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Posted by ULY CLINIC

24 Machi 2021 19:20:48


The guidance  is based on proper case management aspects intended for clinicians involved in the care of patients with suspected or confirmed COVID-19. It is not meant to replace clinical judgment or specialist consultation but rather to strengthen frontline clinical management and the public health response.




Prone positioning has been shown to improve oxygenation in spontaneously breathing, non- intubated non-Covid-19 patients with hypoxemic acute respiratory failure. Consequently, its potential value in the management of patients with Covid-19 pneumonia has been explored. A management strategy involving early intervention and awake proning with high-flow nasal cannula or non-invasive mechanical ventilation to prevent alveolar collapse resulted in lower intubation and mortality rates has been observed in different health care facilities. Some studies have demonstrated that application of self-proning with HFNC may help avoid intubation.

a. Physiological Effects Of Proning

The physiological benefits of prone positioning that should apply to all patients regardless of whether they are intubated or not, include:

• Improved Ventilation/Perfusion (VQ) matching and reduced hypoxemia (secondary to more homogeneous aeration of lung and ameliorating the ventral-dorsal trans- pulmonary pressure gradient – more uniform lung ventilation, better distribution of air flow and better matching of areas that receive
oxygen and appropriate blood flow).

• Reduced shunt (perfusion pattern remaining relatively constant while lung aeration becomes more homogenous – better matching of areas that have blood flow to receiving oxygen).

• Recruitment of the posterior lung segments due to reversal of atelectasis; Improved secretion clearance.

b. Different approaches to positional adjustment in COVID-19

Various approaches have been attempted.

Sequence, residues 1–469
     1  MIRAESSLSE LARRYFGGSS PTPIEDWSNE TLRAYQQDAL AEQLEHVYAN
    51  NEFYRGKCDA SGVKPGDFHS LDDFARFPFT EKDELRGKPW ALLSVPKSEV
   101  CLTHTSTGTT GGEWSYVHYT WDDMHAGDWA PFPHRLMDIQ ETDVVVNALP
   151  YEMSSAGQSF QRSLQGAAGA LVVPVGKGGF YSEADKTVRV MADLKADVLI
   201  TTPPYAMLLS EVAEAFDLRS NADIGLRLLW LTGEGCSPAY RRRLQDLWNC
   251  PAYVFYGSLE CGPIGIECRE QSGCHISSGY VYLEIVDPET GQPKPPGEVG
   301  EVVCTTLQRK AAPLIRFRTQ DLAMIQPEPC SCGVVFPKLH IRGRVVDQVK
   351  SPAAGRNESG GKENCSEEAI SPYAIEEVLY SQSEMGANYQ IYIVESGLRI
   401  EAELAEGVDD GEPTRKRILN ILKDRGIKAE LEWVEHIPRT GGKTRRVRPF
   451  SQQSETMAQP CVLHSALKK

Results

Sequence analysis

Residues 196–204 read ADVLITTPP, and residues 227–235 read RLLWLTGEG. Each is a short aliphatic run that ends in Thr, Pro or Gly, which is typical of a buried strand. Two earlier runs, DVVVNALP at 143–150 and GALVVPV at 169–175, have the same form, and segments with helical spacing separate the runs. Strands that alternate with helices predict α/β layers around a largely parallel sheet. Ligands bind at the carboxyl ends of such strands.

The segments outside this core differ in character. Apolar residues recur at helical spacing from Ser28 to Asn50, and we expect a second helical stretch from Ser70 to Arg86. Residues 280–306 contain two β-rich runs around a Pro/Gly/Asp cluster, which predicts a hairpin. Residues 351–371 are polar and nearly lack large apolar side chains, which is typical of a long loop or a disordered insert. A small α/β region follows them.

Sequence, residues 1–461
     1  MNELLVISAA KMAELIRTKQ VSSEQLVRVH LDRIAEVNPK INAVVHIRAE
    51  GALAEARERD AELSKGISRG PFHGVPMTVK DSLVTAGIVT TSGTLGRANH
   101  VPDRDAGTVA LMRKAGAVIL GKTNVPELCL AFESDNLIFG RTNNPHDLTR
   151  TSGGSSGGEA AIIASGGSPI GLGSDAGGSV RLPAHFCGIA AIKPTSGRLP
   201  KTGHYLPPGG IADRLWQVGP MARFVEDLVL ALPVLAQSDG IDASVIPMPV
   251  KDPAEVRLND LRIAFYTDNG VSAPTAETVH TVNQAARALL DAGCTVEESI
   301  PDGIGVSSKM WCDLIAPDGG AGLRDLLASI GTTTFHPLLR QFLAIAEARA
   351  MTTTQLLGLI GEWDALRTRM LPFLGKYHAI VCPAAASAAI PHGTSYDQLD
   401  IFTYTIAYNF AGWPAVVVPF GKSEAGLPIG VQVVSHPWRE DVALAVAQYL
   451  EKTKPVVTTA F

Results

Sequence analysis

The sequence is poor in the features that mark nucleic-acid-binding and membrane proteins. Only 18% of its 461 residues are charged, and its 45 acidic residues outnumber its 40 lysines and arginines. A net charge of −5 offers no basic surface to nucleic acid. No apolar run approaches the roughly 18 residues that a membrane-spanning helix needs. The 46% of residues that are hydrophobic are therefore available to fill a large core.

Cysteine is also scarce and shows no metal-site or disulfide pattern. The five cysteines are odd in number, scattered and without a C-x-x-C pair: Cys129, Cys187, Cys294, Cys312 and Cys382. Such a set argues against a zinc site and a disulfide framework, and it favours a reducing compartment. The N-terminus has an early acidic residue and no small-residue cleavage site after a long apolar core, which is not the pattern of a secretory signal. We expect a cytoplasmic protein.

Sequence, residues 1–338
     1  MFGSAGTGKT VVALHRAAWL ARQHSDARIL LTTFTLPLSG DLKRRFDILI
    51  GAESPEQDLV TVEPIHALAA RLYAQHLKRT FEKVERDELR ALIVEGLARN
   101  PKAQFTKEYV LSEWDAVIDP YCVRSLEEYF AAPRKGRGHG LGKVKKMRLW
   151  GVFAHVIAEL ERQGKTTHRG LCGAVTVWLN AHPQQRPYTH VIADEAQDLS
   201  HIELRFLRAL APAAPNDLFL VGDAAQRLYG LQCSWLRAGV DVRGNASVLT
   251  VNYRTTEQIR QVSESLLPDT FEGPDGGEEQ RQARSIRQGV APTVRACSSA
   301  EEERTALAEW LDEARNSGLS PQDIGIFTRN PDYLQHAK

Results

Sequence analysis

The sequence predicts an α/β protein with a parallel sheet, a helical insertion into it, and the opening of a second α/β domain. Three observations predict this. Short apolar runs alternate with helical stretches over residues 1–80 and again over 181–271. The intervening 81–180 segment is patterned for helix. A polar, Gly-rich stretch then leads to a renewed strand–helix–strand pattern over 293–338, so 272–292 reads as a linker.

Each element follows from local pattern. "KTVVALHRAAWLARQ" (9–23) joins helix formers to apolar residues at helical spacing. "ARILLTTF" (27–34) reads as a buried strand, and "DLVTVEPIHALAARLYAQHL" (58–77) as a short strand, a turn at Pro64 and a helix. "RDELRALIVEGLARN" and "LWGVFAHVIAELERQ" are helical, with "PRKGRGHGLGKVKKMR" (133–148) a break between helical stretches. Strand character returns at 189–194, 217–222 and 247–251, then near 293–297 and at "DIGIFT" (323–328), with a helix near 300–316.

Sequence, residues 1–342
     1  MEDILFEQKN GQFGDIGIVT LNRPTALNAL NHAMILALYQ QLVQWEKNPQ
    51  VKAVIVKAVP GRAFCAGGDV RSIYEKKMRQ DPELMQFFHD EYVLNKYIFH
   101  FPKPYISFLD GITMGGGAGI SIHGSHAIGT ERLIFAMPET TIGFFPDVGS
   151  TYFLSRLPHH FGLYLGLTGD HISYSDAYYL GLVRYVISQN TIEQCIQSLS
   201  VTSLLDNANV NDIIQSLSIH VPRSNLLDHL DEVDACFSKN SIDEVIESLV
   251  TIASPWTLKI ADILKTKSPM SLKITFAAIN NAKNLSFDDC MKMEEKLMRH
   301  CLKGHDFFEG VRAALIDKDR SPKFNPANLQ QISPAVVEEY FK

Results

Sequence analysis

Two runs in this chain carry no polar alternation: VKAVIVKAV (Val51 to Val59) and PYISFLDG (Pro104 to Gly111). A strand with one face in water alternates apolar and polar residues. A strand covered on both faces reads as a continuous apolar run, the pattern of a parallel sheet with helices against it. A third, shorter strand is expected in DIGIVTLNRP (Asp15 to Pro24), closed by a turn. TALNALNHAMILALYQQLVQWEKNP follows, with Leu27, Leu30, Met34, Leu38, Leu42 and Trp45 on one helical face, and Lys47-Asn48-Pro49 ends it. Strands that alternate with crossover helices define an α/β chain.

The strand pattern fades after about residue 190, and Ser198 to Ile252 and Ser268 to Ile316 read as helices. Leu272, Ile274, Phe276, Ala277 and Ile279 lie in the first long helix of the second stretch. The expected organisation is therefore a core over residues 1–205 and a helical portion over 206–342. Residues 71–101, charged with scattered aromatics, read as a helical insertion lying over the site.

• Complete pronation (with the patient lying on their abdomen, ideally for 16-18 hours per day) as in prone intubated patients would be optimal. However, this can be difficult in many patients e.g. with obesity.

• Another approach is to rotate positions, including lying on either side and sitting bolt upright which may be easier for many patients to tolerate. Some health care facilities encourage mobilization via walking of selected Covid-19 patients.

• Proning for a few hours with a return to supine position may lead only to transient improvements in oxygenation. Longer-lasting benefit might result from longer periods of pronation, or strategies involving ongoing rotation between several different positions. The key principle is to avoid spending much time in a flat, supine position.

• As one suggested approach, we suggest following the UK Intensive Care Society’s proning recommendations as outlined below.

• Awake pronation appears to be a safe, inexpensive, and versatile strategy which can be used at all levels across a variety of different healthcare settings.

c. Assist Patient To Prone Position

• Explain procedure/benefit
• Get consent from the patient
• Ensure oxygen therapy and basic respiratory support secure with adequate length on the tubing
• Pillows may be required to support the chest
• Reverse trendelenberg position may aid comfort
• Monitor oxygen saturations If drop then ensure O2 connected and working
• Sedation must not be administered to facilitate proning

Pictures of proper prone position

Click to expand pictures on the top of this chapter for various prone positions

d. What to check while proning?

Oxygen Saturations For 15 Minutes

SaO2 92-96% (88-92% if risk of hypercapnia respiratory failure) and nil obvious distress


Continue Proning Process

• Change positions every 1-2 hrs, aiming to achieve a prone time as long as possible
• When not prone aim to be sat at between 30-60 degrees’ upright
• Monitor oxygen saturations after every position change
• Titrate down oxygen requirements as able


If Deteriorating Oxygen Saturations:

• Ensure oxygen is connected to patient
• Increase inspired oxygen
• Change patients position
• Consider return to supine position Escalate to critical care if appropriate Discontinue if no improvement with change of position, Patient unable to tolerate position, looks tired and using accessory muscles

NB: For ICU intubated patients’ needs a closer monitoring

e. Contraindication Of Proning

Absolute contraindications

• Respiratory distress (RR 35, PaCO2 6.5, accessory muscle use)
• Immediate need for intubation
• Hemodynamic instability (SBP < 90mmHg) or arrhythmia
• Agitation or altered mental status
• Unstable spine/thoracic injury/recent abdominal surgery

Relative Contraindications

• Facial injury
• Neurological issues (e.g. frequent seizures)
• Morbid obesity
• Pregnancy (2/3rd trimesters)
• Pressure sores / ulcers


25 Machi 2021 06:49:46



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